GREETINGS FROM WATERWORLD by Russell Lumb
The landscape around my home in the Vale of Pickering, which yesterday sparkled with a million pools and rivulets, gleams dully this morning as ice, frost and thin mist reduce colour and contrast to produce another exceptional scene. Safe and warm in my first floor den, it is easy to forget those less fortunate in nearby Pickering and Malton struggling to keep the flood out of their homes. I hope that my turn never comes.
There was an analogous situation last evening at Redbrick Mill. It has been noted by several past bloggers that life drawing requires and creates a state of isolation from one’s surroundings. Once immersed in the repetitive drama of sitter and materials, external events are blocked and all effort is channelled toward making the drawing or painting. This can normally be taken for granted at Redbrick, where the players are habituated to an unwritten script; random chatter until the sitter’s gown hits the floor and then, give or take several minutes while the resident engineer arranges the high technology lighting rig to Roger’s satisfaction, hushed introspection. The low frequency blowing of the industrial fan convector and the rhythmic creaking of the goods hoist are essential parts of the Life Room soundscape, together with the scratching, scraping and brushing of media onto assorted grounds. Time passes beyond the bubble of concentration, until the Kettle Monitor, who used to be the Lighting Engineer, pricks the fragile enclosure with the announcement of the break. The sequence is then repeated after tea and biscuits.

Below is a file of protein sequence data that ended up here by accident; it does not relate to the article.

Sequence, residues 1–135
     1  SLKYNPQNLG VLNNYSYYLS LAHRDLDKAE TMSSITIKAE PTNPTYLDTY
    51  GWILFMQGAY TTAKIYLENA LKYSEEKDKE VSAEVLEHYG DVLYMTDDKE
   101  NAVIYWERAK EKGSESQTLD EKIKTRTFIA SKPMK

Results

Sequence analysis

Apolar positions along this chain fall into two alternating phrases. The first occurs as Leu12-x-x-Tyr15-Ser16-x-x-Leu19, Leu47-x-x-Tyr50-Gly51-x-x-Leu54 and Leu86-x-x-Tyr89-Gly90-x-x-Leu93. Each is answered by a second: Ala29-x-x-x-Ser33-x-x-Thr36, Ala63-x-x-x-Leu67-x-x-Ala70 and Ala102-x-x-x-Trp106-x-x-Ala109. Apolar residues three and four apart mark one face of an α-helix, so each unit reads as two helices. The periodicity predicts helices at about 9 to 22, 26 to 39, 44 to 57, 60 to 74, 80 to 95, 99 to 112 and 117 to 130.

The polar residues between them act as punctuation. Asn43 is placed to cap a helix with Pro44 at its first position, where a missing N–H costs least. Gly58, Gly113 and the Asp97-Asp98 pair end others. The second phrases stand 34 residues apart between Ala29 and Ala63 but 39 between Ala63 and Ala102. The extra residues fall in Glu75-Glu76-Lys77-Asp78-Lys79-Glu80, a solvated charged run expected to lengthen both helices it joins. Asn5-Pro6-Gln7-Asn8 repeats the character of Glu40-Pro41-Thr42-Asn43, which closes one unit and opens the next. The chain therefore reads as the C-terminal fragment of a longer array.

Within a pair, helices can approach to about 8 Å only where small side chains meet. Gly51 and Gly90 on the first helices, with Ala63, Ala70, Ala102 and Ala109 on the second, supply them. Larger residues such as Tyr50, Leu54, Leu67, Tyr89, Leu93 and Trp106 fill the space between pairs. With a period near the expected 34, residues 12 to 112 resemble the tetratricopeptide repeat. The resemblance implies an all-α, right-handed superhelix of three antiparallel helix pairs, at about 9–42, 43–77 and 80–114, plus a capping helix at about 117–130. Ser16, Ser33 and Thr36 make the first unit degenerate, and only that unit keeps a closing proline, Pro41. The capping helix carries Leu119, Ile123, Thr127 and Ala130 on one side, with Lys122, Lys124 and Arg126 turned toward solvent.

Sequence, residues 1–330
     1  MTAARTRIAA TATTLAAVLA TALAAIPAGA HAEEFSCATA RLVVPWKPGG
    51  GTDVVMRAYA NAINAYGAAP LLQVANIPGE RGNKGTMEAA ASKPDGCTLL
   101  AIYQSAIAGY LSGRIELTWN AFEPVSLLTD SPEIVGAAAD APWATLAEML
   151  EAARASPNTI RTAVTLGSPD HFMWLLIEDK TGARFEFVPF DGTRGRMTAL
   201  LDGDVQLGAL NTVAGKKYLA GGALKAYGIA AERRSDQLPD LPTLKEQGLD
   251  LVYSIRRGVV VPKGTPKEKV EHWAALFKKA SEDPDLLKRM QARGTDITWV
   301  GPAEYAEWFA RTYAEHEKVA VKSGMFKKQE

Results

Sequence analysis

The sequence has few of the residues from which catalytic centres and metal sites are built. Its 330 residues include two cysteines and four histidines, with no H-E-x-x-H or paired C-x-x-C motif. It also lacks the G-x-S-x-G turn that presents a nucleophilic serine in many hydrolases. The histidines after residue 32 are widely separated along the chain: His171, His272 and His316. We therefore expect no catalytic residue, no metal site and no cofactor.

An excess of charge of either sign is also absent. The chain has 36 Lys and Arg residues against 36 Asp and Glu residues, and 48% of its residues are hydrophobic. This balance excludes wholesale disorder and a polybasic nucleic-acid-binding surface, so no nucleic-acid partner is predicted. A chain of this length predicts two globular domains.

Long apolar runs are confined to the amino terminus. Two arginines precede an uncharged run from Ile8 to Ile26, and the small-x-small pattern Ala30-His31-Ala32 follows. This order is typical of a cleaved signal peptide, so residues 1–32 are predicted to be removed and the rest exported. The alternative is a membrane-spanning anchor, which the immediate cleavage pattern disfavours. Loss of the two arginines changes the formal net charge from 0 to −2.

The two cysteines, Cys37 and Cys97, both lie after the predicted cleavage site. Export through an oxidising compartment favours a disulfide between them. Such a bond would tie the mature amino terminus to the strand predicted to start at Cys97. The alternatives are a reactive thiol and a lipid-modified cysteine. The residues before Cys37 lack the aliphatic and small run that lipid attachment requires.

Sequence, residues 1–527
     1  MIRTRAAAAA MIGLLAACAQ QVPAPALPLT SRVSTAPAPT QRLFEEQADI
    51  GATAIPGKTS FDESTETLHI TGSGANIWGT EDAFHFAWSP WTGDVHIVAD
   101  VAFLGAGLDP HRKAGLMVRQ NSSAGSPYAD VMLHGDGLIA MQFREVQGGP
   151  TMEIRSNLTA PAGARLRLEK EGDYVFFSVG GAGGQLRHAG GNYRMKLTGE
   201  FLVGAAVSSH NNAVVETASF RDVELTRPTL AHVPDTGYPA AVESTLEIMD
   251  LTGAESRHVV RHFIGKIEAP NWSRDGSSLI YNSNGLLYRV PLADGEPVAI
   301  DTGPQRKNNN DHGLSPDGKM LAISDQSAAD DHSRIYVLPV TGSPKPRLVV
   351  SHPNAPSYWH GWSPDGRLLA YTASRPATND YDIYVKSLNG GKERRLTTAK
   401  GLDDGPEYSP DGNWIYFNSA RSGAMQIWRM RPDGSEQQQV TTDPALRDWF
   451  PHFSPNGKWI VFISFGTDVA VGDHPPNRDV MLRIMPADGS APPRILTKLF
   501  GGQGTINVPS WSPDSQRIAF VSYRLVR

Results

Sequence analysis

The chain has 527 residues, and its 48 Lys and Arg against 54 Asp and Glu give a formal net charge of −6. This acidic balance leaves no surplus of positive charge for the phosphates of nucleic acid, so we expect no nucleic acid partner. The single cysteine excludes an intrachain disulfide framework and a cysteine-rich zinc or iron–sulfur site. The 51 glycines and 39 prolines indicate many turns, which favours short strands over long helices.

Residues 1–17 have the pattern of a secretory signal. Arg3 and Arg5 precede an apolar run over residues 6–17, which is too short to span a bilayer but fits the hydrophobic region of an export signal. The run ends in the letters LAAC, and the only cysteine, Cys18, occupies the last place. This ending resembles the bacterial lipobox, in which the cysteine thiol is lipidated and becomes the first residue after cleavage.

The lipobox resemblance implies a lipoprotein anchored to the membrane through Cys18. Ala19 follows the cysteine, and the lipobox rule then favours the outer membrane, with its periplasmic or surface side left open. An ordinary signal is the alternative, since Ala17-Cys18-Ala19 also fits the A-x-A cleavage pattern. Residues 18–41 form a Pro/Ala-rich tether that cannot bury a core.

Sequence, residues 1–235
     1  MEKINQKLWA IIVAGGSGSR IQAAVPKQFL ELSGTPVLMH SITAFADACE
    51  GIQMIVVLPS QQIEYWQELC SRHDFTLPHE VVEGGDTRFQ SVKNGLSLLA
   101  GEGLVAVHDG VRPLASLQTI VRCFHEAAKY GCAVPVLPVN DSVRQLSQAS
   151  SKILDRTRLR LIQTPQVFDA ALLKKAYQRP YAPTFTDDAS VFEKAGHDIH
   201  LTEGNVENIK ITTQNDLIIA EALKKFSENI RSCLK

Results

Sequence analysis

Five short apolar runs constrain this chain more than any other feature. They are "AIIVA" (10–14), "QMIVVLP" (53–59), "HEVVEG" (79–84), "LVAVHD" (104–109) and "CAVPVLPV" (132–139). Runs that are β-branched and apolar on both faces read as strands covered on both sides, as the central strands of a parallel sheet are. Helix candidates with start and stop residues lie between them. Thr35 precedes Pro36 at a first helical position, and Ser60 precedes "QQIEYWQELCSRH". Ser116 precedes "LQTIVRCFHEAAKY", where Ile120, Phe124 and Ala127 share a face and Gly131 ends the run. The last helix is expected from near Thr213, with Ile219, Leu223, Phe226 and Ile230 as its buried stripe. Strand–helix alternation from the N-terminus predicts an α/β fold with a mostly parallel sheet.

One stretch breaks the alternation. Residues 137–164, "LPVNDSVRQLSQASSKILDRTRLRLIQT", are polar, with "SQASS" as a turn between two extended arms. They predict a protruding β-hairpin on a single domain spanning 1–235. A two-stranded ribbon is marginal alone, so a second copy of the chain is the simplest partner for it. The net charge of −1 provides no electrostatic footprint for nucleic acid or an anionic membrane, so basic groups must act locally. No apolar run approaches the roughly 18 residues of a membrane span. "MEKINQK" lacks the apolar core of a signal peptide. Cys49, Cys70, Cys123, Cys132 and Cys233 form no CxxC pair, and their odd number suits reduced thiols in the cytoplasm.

But last evening, this comfortable familiarity was undermined for me; not by any sudden, violent occurrence or rowdy behaviour, as the required funeral parlour demeanour was maintained at all times, but by the general failure to settle. Late arrivals, the return of the “emergency plumber”, mysterious telephone conversations and laptop sessions. All, no doubt, innocent and unintentional intrusions, but, like the floodwater seeping under the door, enough to break the mood. Mild annoyance at the disturbance is quickly displaced by guilt and concern for those whose evening is not going smoothly, but it still adds up to dissatisfaction. I was, despite the foregoing, reasonably satisfied with progress up to the break, but then, Tom’s confirmation that he was not “in the bubble” broke my own momentum, and I frittered away the second session making small, careful marks on a previously carefree painting. The moral of this story is that awareness of, and concern for one’s neighbours’ problems is a commendable attribute, but will not nurture good art which is essentially self- centred. Nor will it assuage your neighbours’ distress to be told that the flood is very beautiful.
Looking at the gallery of work, I do not see evidence to support my theory but I am struck by the sudden surge in the preponderance of draughtsmen; only Sue, Roger S. and Tom have really used colour whilst my own painting is essentially monochrome. I thought Guy’s pose to be unusually good because the attitude of the head conferred some emotion on the face, recorded either as imperious distain ( Sue, Andrew and Sandra ) or spiritual longing ( Patrick, Hilary and me). This is odd, because Hilary started in the “disdain” camp, with a Roman head fit for a gold coin, but ended with her Guy showing remorse for his unspeakable deeds. The real Guy ended showing considerable discomfort (Tony ) but gave us all something worth working for.
I particularly like Hadyn’s chunky, grounded, back view, which proves that facial accuracy is not the only route to likeness. I have to agree with Tom that his painting is not one of his best, but all things are relative and the rest of us would be very happy to achieve this standard on an off night. Meanwhile, Tony, in yet another incarnation, as artist, quietly produces his trademark record of two hours on 29 11 2012, like an island surrounded by floodwater.
Paintings and drawings by Andrew, Barry, Catherine, Cathy, David, Hadyn, Hilary, Patrick, Roger H, Roger S, Sandra, Steven, Sue, Tom, Tony and featured artist Russell.